○ Mechanical Time
○ Mathematical Time
● Accuracy in Timekeeping
● Why It All Matters
● Artifactual Time and its Applications
Cultural Preparation
● What’s the point to consider, then?
● Why should we care about thinking about all of this?
Cultural Preparation
● What’s the point to consider, then?
● Why should we care about thinking about all of this?

Because once we introduce something new into the world, we are
building a new world.
Once we see the world in a new way, is nearly impossible to return
to seeing it as we did before.
So, we should care about what we make, how we make it, and for
whom we make it.
The Mechanization of Action
“Men had become mechanical before they perfected complicated machines to
express their new bent and interest; and the will-to-order had appeared once
more in the monastery and the army and the counting-house before it finally
manifested itself in the factory.” (Mumford, 3)
Technical Syncretism (Eotechnic Phase)
“Civilizations are not self-contained organisms. Modern man could not have
found his own particular modes of thought or invented his present technical
equipment without drawing freely on the cultures that had preceded him or that
continued to develop about him.” (Mumford, 107)
Augustine On Time
“For what is time? Who can easily and briefly explain it? Who even in thought can comprehend it, even to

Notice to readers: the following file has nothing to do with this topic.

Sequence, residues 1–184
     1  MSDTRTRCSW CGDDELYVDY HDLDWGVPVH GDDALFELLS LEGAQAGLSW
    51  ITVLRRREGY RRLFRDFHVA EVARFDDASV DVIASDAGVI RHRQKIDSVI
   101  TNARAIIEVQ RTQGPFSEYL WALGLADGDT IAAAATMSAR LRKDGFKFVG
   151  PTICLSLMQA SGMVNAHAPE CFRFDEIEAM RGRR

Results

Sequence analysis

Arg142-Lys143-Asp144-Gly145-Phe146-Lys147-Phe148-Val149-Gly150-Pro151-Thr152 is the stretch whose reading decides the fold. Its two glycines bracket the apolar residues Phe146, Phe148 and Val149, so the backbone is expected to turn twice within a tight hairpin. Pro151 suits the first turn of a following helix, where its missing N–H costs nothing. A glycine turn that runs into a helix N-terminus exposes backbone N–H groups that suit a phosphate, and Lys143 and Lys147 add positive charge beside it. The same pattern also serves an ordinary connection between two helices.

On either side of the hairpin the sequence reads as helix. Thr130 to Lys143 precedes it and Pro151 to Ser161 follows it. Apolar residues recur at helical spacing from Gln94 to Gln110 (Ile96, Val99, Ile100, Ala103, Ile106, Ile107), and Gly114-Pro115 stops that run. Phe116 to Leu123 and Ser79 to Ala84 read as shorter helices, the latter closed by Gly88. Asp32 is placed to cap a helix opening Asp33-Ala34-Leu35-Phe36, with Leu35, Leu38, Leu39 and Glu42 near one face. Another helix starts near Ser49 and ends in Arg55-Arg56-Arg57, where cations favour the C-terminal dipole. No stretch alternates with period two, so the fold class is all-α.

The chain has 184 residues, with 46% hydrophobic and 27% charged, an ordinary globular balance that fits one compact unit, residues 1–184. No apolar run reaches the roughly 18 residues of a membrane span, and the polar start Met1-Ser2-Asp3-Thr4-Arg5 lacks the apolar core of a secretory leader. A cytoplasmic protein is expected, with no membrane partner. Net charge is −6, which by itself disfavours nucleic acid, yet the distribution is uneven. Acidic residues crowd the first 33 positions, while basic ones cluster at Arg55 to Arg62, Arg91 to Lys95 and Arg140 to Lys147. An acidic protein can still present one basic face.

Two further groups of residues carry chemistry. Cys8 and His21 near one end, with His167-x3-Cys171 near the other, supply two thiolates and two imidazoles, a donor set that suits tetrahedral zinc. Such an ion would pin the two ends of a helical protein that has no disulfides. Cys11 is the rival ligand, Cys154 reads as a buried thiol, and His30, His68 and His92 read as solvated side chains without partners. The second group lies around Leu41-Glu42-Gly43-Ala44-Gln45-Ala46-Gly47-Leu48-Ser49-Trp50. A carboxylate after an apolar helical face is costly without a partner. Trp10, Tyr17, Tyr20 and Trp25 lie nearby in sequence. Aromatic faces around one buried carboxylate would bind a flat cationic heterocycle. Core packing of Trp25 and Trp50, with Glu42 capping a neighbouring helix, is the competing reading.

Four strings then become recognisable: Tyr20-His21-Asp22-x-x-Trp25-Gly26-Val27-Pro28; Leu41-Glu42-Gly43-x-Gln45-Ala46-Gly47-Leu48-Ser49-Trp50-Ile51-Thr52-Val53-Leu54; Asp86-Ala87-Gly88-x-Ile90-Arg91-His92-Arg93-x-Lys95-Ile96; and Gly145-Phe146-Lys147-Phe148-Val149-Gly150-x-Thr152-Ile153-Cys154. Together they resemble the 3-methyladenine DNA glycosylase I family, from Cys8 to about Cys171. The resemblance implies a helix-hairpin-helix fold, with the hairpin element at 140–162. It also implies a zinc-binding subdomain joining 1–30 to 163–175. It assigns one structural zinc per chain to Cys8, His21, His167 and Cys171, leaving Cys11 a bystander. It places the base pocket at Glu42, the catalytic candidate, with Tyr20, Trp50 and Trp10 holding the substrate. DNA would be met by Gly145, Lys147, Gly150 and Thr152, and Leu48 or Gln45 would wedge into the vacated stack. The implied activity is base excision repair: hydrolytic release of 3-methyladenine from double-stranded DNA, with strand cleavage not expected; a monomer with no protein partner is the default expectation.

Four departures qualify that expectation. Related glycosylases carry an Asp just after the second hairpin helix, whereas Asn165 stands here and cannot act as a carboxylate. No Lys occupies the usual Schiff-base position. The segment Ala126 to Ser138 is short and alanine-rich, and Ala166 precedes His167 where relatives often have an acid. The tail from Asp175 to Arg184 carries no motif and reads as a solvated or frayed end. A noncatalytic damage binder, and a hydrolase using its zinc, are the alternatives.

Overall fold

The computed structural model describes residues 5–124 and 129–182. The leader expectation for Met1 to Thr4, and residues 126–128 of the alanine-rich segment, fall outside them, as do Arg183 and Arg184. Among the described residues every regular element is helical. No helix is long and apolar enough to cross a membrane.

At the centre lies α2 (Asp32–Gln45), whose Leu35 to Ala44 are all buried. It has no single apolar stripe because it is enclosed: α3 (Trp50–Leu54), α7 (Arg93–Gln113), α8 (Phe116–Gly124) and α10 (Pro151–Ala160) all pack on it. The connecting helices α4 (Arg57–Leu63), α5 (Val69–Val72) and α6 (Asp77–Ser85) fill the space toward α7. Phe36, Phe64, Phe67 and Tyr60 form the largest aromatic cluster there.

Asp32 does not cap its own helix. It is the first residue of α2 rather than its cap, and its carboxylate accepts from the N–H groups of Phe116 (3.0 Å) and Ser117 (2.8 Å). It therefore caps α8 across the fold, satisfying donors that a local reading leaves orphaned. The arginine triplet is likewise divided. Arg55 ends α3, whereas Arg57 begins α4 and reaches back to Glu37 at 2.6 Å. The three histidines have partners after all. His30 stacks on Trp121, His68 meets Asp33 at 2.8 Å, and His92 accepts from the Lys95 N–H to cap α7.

the pronouncing of a word concerning it? But what in speaking do we refer to more familiarly and
knowingly than time? And certainly we understand when we speak of it; we understand also when we
hear it spoken of by another. What, then, is time? If no one ask of me, I know; if I wish to explain to him
who asks, I know not. Yet I say with confidence, that I know that if nothing passed away, there would not
be past time; and if nothing were coming, there would not be future time; and if nothing were, there
would not be present time. Those two times, therefore, past and future, how are they, when even the
past now is not; and the future is not as yet? But should the present be always present, and should it not
pass into time past, time truly it could not be, but eternity. If, then, time present — if it be time — only
comes into existence because it passes into time past, how do we say that even this is, whose cause of
being is that it shall not be — namely, so that we cannot truly say that time is, unless because it tends
not to be?”
—Augustine of Hippo, Confessiones lib xi, cap xiv, sec 17 (ca. 400 CE)
Clocks and Timekeeping